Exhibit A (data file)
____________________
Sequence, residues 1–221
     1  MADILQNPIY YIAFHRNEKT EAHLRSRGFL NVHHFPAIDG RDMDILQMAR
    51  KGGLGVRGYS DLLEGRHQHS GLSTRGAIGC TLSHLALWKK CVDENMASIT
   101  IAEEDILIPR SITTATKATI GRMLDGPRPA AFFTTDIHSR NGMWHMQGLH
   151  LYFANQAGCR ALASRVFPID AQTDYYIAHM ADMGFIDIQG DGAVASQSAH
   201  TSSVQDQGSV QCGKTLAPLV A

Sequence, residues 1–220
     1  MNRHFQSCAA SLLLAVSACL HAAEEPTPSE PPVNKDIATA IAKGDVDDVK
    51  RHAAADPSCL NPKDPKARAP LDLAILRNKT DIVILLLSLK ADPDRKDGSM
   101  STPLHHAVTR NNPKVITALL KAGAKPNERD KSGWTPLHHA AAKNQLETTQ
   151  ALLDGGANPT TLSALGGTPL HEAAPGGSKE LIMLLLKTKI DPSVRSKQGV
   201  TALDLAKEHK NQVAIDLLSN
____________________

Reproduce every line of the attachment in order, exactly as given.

Sequence, residues 1–221
     1  MADILQNPIY YIAFHRNEKT EAHLRSRGFL NVHHFPAIDG RDMDILQMAR
    51  KGGLGVRGYS DLLEGRHQHS GLSTRGAIGC TLSHLALWKK CVDENMASIT
   101  IAEEDILIPR SITTATKATI GRMLDGPRPA AFFTTDIHSR NGMWHMQGLH
   151  LYFANQAGCR ALASRVFPID AQTDYYIAHM ADMGFIDIQG DGAVASQSAH
   201  TSSVQDQGSV QCGKTLAPLV A

Sequence, residues 1–220
     1  MNRHFQSCAA SLLLAVSACL HAAEEPTPSE PPVNKDIATA IAKGDVDDVK
    51  RHAAADPSCL NPKDPKARAP LDLAILRNKT DIVILLLSLK ADPDRKDGSM
   101  STPLHHAVTR NNPKVITALL KAGAKPNERD KSGWTPLHHA AAKNQLETTQ
   151  ALLDGGANPT TLSALGGTPL HEAAPGGSKE LIMLLLKTKI DPSVRSKQGV
   201  TALDLAKEHK NQVAIDLLSN